Sunday, October 17, 2010

An Open Letter to Argos and Their Media Agency

Dear Argos/Agency/Media Agency,

I should point out straight away that I have been pleasantly surprised by the quality of Argos' communications over the past year or so. This year's campaign is no different, and interesting piece of creative positioned well so that it is very visible and prominent.

I have one complaint however. It is not Christmas, it is the middle of sodding October.

While I appreciate the need to produce advertising and run it in the build up to Christmas (working as I do on retail clients), I worry that you are wasting money on simply annoying people when you could instead be saving that budget for an appropriate time when the work would raise a smile.

Now to be fair, you may have such a large media budget that it doesn't matter if you start your Christmas 2011 advertising on pancake day; but that doesn't mean you should.

Likewise, you may be facing competitors pushing their Christmas advertising further forward each year until you have to start promoting in summer. But why not at the very least create some work that references the fact it is early, and make that a point of humour; making your competitors look silly for getting in so ridiculously early.

I'm by no means a Scrooge, by no means a killjoy. I love the fun and happy atmosphere created by Christmas and the spirit of the season. My issue is that this IS NOT the season, this is early autumn, this is early even to have Halloween parties.

In the meeting where the media schedule is discussed, when it was said "And our Christmas campaign this year will start in the second week of October", a full 10 weeks before Christmas, and well over 70 days... how did no one say "Isn't that a bit early?". If in a media review it was suggested that we start promoting a summer sale in the middle of March, that might be considered a bit weird. Or perhaps we should start the early promotion of Christmas 2013 next August.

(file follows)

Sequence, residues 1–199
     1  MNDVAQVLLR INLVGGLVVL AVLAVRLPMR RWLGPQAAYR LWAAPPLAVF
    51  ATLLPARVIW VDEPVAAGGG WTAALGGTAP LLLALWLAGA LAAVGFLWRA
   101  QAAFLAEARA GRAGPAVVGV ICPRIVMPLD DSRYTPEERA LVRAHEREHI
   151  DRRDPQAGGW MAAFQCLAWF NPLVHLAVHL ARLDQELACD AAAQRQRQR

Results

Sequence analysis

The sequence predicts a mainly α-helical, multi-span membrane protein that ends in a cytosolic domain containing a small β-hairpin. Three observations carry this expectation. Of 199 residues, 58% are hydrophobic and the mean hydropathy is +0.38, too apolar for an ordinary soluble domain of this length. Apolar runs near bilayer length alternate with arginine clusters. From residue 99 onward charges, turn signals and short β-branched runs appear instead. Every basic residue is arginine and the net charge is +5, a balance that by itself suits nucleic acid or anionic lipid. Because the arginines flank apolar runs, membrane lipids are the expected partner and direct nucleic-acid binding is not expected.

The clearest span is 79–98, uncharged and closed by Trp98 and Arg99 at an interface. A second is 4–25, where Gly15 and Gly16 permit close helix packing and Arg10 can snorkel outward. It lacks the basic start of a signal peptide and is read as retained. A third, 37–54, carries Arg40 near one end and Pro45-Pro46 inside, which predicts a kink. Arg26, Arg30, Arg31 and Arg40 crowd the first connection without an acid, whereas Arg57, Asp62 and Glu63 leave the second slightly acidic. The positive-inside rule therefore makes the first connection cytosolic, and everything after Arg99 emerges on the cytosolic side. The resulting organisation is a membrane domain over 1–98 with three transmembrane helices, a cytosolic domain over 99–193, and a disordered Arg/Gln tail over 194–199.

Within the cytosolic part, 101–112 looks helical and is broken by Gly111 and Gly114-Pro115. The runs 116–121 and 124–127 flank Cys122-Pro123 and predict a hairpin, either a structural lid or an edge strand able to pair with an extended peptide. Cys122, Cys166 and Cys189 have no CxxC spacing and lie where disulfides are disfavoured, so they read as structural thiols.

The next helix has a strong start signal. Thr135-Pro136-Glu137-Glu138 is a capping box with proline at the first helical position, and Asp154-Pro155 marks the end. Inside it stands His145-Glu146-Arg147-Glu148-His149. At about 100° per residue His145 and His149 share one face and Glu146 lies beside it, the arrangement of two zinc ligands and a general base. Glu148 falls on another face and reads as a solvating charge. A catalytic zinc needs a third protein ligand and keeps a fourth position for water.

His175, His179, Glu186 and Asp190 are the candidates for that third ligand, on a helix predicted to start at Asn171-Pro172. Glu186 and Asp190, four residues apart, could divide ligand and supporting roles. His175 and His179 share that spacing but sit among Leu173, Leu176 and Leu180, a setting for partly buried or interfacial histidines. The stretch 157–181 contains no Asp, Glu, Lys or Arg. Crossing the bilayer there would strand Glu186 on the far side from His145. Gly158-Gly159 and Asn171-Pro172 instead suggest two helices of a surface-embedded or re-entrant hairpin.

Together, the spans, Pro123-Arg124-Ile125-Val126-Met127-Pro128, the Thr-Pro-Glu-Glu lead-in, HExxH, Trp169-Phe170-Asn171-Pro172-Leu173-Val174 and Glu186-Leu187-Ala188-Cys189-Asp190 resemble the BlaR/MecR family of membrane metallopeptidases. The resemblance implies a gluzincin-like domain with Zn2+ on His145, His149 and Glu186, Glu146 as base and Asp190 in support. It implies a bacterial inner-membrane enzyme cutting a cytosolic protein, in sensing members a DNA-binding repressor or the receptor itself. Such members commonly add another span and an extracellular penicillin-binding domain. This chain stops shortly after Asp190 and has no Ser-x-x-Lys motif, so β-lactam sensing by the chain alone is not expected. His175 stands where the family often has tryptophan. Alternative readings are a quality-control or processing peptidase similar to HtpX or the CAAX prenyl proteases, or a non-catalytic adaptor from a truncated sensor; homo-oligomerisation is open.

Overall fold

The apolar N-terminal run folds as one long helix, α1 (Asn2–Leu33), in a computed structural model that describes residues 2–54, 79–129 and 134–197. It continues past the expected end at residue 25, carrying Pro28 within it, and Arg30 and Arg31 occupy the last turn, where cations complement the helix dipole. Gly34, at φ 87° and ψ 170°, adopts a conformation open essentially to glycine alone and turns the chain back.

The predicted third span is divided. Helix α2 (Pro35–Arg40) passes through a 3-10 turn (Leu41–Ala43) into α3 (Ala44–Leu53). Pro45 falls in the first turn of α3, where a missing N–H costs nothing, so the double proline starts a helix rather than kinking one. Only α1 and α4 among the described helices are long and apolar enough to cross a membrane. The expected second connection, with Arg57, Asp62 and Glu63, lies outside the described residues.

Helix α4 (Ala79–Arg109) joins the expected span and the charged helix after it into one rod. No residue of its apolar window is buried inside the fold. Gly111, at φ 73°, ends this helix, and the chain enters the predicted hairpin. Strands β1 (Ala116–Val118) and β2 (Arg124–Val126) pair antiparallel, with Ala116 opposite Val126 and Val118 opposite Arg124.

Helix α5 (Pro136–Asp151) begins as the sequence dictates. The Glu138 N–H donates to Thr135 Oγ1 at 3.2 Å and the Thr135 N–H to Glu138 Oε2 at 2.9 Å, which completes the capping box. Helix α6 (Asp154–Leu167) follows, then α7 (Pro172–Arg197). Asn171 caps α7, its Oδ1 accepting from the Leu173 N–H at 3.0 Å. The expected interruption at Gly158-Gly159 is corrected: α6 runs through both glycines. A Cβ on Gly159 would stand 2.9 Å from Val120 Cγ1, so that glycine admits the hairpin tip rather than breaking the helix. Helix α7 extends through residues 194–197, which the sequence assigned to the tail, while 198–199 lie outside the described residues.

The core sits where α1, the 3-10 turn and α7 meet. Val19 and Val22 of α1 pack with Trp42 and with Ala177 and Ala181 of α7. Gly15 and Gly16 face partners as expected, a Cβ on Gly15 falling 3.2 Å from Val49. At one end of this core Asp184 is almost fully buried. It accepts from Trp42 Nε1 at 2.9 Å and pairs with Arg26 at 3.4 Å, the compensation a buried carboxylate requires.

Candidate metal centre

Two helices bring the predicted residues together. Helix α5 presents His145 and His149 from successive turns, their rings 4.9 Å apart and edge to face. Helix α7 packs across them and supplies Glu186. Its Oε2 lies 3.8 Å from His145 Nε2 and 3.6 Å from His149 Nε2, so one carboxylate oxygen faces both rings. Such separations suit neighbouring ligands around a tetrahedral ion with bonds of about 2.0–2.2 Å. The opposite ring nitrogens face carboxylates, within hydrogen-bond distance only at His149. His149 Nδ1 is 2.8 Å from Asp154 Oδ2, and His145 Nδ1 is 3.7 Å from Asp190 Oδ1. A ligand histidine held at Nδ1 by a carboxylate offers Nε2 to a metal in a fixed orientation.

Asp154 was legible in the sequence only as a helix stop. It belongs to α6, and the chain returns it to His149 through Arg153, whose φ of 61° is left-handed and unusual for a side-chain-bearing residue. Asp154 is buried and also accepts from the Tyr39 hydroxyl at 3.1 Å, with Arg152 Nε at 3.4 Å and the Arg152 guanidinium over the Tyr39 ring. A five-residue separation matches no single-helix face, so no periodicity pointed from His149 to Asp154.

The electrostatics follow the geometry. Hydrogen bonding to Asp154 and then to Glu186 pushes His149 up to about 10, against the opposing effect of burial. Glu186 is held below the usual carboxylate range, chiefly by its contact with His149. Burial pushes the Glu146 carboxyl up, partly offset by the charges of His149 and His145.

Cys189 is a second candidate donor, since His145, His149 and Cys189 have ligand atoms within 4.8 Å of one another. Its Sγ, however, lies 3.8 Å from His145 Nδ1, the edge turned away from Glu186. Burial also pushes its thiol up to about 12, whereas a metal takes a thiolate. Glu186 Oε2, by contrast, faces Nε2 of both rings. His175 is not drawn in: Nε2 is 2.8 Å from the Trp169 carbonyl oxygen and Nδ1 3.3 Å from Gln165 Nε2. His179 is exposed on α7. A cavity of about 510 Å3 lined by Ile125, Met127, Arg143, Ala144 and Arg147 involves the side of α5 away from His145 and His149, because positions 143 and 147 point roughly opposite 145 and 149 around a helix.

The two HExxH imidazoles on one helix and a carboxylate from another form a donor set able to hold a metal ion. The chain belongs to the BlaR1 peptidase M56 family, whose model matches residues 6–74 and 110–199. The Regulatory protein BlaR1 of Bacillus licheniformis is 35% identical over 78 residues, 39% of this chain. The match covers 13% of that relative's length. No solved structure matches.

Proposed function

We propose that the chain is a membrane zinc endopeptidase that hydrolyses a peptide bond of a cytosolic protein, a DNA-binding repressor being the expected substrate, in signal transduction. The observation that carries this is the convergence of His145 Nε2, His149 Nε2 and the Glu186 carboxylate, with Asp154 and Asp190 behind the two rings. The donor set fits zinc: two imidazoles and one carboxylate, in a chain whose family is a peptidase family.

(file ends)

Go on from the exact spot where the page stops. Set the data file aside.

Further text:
Two years in a row the first Christmas advertising I have seen has been for Argos, and contrary to what some people might think that is not a good thing. It just makes me want to avoid your stores and ignore your advertising for the next month, precisely the time I actually start looking for Christmas bargains and start deciding where to shop.

What I'm trying to say is: Please stop spoiling your interesting creative work by running it at a completely innapropriate time. I'd like to be able to react to your work based on it's merits, not the fact that I am aghast at seeing Christmas work already.

I hope next year we can meet properly at a reasonable time, try say a few days after Bonfire night at the very very earliest.

Regards and Merry Xmas

Rob "Cringle" Mortimer


Helen Catterall said...